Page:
The Allies strengthened the air defense of that city, but the Luftwaffe still bedeviled front-line troops. “Because of hostile domination of the air, travel anywhere in the forward area was an exciting business,” observed Ike. Troops complained to him, “Where is this bloody Air Force of ours?” The new supreme commander took it in stride, but resolved to take care of the problem.
“When the enemy has air superiority, the ground forces never hesitate to curse the ‘aviators,'” Eisenhower observed.
The experienced British smelled trouble right away. Tedder noted that “the US air [arm] was running a separate war,” meaning it was not flying in support of the overall Allied operation. For example, one US force on Nov. 27 refused to assist Britain’s First Army, even though Eisenhower’s guidance mandated it. The US commander did not want to give up his airpower.
Meanwhile Tedder, when at all possible, was diverting RAF night fighters, Hurricanes, and even bombers away from action in the east to help out in the west. Still, handling competing claims was growing more difficult. US bomber forces in England watched uneasily as the desert air forces took priority for supplies. In Tedder’s words, “It was clear enough that the existing air organization was almost crazy, with two air forces but no effective command.”
A big part of the problem was that the United States Army’s FM 31-35 doctrine on airpower—written in April 1942—was almost criminally vague.
Historian Shawn P. Rife, in a 1998 article in Joint Force Quarterly, commented, “Contrary to popular belief, FM 31-35 did not prescribe that air units should be either assigned or attached to ground units.” The problem was that the doctrine said little at all, and served no one well. According to Rife, ground force commanders were disappointed that they did not “own” airplanes. Airmen worried about airpower being watered down. Distress was widespread.
On Dec. 1, 1942, Spaatz reported to North Africa to take command of US Army air assets. That move, however, did not resolve the overall problem of uniting all British and American air forces in the Mediterranean arc. By early December, Eisenhower was seeking more B-24s and B-17s to provide battlefield support to his forces in North Africa, even though they were kept busy attacking Rommel’s supply lines at Tripoli.
The Germans were chipping away at Allied air strength. On Dec. 6, 1942, German aircraft destroyed six RAF Spitfires on the ground. Other attacks claimed five American P-38s plus 11 light bombers.
The solution, the airmen knew, was to shift US and British air assets around the Mediterranean Theater on an almost daily basis. That kind of movement, however, required unified command and planning at Eisenhower’s supreme headquarters.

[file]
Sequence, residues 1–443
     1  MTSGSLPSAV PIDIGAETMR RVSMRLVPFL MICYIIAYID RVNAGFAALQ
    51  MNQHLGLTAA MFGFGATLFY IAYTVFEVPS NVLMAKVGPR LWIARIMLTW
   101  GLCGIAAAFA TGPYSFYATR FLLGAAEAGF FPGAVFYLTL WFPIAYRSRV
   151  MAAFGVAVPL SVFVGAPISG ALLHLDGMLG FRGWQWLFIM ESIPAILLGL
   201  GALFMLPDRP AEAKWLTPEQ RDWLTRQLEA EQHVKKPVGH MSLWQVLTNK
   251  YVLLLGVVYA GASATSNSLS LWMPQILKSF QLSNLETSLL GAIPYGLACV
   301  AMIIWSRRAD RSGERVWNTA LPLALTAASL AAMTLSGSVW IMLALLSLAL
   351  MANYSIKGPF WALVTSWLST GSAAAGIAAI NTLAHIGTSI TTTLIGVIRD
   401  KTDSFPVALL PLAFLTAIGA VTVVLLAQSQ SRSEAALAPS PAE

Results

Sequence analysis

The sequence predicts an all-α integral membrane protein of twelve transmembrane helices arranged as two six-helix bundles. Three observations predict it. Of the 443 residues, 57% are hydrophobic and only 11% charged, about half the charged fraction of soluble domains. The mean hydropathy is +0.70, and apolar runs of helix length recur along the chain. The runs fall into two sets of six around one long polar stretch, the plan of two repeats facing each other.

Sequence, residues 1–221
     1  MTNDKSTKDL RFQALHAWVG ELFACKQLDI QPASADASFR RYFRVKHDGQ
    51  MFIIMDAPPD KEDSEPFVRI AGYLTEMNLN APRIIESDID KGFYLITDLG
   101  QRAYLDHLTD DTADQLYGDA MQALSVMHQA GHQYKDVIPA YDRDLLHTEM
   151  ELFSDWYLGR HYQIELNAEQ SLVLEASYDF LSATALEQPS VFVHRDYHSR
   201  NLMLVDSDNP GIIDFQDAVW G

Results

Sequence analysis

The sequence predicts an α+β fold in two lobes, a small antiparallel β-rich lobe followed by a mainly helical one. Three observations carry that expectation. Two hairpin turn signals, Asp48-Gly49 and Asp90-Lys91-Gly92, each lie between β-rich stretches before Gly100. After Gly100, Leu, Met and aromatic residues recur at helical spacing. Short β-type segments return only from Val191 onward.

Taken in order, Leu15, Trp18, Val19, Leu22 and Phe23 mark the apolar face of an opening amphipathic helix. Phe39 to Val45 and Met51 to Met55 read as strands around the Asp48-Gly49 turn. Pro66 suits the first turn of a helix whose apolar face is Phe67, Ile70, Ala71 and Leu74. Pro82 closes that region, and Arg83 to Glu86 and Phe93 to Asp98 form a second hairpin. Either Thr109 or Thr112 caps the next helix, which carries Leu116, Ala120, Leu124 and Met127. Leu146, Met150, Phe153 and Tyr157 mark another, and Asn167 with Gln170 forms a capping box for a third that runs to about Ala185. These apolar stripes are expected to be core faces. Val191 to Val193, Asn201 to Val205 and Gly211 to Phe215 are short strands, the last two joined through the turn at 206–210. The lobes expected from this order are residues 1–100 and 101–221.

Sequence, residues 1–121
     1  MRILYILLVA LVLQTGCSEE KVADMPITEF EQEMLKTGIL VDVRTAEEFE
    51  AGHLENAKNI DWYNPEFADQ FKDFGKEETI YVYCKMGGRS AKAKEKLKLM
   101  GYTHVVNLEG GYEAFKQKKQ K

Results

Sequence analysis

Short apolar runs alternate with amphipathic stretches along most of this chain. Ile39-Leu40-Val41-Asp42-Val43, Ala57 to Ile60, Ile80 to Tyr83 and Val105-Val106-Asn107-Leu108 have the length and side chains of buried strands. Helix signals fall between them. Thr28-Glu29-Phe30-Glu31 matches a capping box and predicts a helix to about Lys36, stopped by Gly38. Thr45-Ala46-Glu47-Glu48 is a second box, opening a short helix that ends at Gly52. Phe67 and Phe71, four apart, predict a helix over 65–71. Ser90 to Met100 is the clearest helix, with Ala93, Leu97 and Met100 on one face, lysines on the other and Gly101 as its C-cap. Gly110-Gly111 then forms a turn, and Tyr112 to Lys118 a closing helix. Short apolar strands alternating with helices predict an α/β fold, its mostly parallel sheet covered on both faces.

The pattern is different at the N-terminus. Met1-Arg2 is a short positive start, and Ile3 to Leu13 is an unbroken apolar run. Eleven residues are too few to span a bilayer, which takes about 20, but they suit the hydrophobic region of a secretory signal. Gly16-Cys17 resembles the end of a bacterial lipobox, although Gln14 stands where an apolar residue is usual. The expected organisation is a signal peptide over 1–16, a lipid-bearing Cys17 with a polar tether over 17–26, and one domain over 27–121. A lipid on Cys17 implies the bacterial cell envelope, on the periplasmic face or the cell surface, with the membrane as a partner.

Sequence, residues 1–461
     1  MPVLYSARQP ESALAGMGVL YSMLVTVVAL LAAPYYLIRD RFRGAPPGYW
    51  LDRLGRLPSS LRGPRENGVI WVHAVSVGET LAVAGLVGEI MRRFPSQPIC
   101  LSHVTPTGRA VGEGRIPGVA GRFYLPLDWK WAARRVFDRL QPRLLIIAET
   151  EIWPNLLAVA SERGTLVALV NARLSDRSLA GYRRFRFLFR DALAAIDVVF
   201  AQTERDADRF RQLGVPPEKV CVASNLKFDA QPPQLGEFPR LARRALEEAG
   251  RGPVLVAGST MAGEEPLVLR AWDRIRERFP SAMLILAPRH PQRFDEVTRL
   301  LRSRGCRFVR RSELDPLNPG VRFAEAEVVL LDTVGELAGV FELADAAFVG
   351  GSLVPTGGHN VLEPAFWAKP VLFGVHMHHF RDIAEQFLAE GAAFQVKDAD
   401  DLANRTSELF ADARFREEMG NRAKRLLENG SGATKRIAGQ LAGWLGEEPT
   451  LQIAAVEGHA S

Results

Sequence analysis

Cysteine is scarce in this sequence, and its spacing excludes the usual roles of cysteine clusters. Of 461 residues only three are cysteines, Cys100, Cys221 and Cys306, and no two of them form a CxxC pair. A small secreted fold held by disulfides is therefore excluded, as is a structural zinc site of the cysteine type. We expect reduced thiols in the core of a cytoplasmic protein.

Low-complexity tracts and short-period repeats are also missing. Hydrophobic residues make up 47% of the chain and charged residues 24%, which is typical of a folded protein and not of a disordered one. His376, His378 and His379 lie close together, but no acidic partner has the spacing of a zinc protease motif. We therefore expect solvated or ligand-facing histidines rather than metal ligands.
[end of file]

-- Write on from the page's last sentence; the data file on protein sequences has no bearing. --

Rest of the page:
At the Casablanca Conference
Then-Lt. Gen. Henry H. “Hap” Arnold, the Commanding General of US Army Air Forces, was in Washington, D.C., and favored unification, under a single command, of RAF and American assets, as did US and British commanders in North Africa. Tedder on Dec. 12 arrived at Eisenhower’s headquarters in Algiers for a conference. After a long talk, these two generals sketched out a unified command arrangement on the British model. “Think he is firmly hooked, but by no means landed,” Tedder reported to his boss in London.
It was at the Casablanca Conference in January 1943 that the door to lasting change swung open. President Franklin D. Roosevelt and Prime Minister Winston Churchill reached a number of key decisions. One of them, on Jan. 26, established in the Mediterranean Theater one overall ground commander—British Gen. Harold Alexander—and one overall air commander, Tedder.
“From a headquarters in Algiers, Tedder was to command everything with wings between Gibraltar and Palestine, under the overall direction of Eisenhower,” wrote Tedder’s biographer, historian Vincent Orange.
Unfortunately, the change didn’t come into effect soon enough. While these new commanders were in the midst of taking up their positions, Rommel launched a last-chance attack that soon had US forces in a headlong retreat.
For three years the war in the desert had been a back and forth game of sweeping maneuver, retreat, and counterattack. When Montgomery captured Tripoli on Jan. 23, 1943, Rommel’s eastern supply route was blocked. The Germans still had capable forces in Tunisia. Rommel decided to counterattack and drive through to the northern coast at Bone, splitting the Allied front. Then he could fall back on old French defensive works and hold his sea lines indefinitely.
By early February 1943, though, the Americans had begun pressing in from the west. German commanders Jurgen von Armin and Rommel awaited them with their backs to the sea at Tunis in the north and Sfax in the south. However, the American operations had given the Desert Fox a tempting target. He noted with great interest that the US Army’s overextended lines spooled out in a 250-mile semicircle.
Rommel struck. German forces on Feb. 14 attacked the town Sidi Bou Zid, sending the American forces scurrying backward toward the mountain passes in a disorderly retreat, equipment strewn in their wake. A main forward air base at Thelepte, which once had 124 fighters, came under attack and was evacuated on Feb. 17. The last P-39s took off at 10:30 a.m. Then, the US forces dug in on the mountain passes and roads and waited.
RAF Air Marshal Arthur Coningham, designated overall tactical air commander, arrived on Feb. 17 and found the US airmen in the equivalent of a defensive crouch. Some fighters and bombers hadn’t even been tasked, even though Rommel’s forces presented plenty of targets.
Worse was to come, and the site was the Kasserine Pass, a muddy main road through the mountains. The Americans had battened down to hold it at all costs. However, they failed. On Feb. 19, Rommel personally led the 10th Panzer Division in an armored attack on American lines, seeking to break through. That thrust fell short, but the next one did not. The German assault on Feb. 20 crushed organized resistance and opened the floodgates to a westward move.
The Final Spur
As the situation deteriorated, airmen could do little to help. Most aircraft were grounded either by dust storms or inept management by local ground commanders. In one appalling case, B-17s got lost and bombed an RAF base 90 miles away, killing several British airmen and Tunisians. By dawn on Feb. 21, Rommel’s forces held both sides of the Kasserine Pass.
Elsewhere, Rommel’s position was not as good. British and American delaying actions had already stopped the right prong of his advance. Tougher resistance changed the tempo during the day on Feb. 22, and by evening, artillery reinforcements had arrived. Under Coningham’s guidance, air attacks resumed on Feb. 22 and Feb. 23. A-20s hunted for targets. P-38s strafed Rommel’s forces crowded in the passes.